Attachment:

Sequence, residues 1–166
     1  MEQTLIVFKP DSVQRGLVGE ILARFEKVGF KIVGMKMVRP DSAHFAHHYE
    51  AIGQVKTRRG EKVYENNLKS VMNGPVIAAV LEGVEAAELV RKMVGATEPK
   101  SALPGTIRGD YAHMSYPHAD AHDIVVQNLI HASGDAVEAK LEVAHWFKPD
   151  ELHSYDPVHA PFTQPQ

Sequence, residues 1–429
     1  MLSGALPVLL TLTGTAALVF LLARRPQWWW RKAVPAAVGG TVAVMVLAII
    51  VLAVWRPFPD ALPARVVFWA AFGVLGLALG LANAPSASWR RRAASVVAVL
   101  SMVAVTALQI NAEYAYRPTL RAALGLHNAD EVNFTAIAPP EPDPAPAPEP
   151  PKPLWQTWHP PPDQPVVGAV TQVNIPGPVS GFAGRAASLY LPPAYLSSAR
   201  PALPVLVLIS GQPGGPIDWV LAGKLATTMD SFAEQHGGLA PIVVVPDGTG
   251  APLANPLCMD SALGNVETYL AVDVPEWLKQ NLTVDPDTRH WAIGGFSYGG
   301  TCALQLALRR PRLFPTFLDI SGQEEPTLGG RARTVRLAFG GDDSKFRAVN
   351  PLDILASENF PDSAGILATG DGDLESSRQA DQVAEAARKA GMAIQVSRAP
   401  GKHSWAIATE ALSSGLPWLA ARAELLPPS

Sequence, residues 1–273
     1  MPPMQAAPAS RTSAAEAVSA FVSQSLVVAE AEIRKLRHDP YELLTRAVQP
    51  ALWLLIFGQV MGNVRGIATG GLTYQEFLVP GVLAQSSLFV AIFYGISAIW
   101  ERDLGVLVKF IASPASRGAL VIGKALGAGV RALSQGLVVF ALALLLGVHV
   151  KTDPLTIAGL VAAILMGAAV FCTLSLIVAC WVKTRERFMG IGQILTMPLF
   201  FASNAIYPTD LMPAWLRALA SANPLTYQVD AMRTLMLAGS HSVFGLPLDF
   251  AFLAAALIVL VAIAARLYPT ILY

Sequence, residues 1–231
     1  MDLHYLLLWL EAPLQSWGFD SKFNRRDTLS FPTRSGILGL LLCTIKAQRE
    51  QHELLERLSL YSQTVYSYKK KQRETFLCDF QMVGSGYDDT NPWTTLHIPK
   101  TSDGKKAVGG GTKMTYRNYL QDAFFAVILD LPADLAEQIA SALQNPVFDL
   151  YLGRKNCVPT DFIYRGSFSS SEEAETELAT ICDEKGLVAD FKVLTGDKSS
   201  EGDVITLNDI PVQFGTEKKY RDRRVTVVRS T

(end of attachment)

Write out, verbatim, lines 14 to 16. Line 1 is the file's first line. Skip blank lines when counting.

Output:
   351  PLDILASENF PDSAGILATG DGDLESSRQA DQVAEAARKA GMAIQVSRAP
   401  GKHSWAIATE ALSSGLPWLA ARAELLPPS

Sequence, residues 1–273